Early Childhood

Early Years

April 11, 2001 2 min read

Child-Care Quality: A new study offers strong evidence that raising the wages of teachers in child-care centers can improve the quality of the care children receive.

“For every age group, classroom quality was most strongly associated with teacher wages,” according to the study, which looked at infant, toddler, and preschool classrooms in 104, mostly nonsubsidized centers in Atlanta, Boston, and the central area of Virginia.

“These findings indicate that centers in which teachers are supported with higher wages also provide higher-quality environments for the young children in their care,” the study concludes.

“Within and Beyond the Classroom Door: Assessing Quality in Child Care Centers” was conducted by researchers from five universities and appears in the March 28 issue of the Early Childhood Research Quarterly, which is published by the Washington-based National Association for the Education of Young Children.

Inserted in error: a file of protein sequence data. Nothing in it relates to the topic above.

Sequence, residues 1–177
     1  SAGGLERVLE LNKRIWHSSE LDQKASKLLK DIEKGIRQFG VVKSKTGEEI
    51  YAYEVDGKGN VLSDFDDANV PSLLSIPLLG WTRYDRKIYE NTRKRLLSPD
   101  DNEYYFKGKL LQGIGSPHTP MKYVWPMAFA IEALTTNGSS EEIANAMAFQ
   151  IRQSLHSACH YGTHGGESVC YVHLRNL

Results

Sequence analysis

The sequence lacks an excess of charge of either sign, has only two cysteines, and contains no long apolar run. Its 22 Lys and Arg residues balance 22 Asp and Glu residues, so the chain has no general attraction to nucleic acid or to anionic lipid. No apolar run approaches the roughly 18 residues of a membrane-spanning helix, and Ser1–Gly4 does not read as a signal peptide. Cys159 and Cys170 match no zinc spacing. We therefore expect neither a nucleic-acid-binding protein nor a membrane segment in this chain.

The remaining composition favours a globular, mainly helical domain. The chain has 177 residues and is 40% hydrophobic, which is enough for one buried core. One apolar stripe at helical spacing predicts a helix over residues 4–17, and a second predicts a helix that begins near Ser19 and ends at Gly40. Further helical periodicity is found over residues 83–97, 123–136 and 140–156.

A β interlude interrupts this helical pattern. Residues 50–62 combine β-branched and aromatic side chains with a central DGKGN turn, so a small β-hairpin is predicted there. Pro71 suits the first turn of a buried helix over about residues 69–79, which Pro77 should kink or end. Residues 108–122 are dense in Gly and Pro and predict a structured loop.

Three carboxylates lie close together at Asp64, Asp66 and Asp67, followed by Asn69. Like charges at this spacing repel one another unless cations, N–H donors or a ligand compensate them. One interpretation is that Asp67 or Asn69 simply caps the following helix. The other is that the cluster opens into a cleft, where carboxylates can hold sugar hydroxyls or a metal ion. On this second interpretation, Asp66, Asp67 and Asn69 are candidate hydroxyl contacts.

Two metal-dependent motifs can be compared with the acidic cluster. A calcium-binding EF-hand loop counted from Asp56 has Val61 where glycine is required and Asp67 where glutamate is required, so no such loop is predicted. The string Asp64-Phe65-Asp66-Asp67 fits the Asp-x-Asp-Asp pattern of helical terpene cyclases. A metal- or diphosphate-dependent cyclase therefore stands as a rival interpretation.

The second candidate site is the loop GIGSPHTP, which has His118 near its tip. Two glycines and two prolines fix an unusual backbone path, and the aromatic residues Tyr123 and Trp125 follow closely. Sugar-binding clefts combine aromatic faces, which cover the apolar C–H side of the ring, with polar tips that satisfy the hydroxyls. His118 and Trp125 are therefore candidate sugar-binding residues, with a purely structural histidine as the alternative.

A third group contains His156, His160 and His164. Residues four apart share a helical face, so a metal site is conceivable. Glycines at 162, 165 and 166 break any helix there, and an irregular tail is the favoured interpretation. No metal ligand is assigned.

The quality of the programs was determined by using three different rating instruments, which measure such features as curriculum, play materials, indoor and outdoor play spaces, and caregiver-child interactions.

The researchers found that wages were the highest predictor of quality in the preschool classrooms.

It is unclear, however, why teacher wages appear to play such a significant role, the authors say. They suggest the reasons may include that higher pay contributes to the stability of a center’s staff, and that centers that pay more can be more selective when hiring teachers.

While wages were linked as well to the quality of the infant and toddler classrooms, the researchers found that teacher training, parents’ monthly fees, teacher-child ratios, and group size were also important factors.

“This may be interpreted as encouraging news for those who seek to improve quality of care for infants and toddlers: Apparently, there are many avenues to quality for these youngest age groups,” the authors write. But that finding, they add, might also suggest that all of those factors require attention in order to provide high-quality care for young children.

While most studies of child-care quality focus on characteristics of the classrooms themselves, this research suggests that factors outside the classroom can also be “potentially powerful influences” on child-care quality.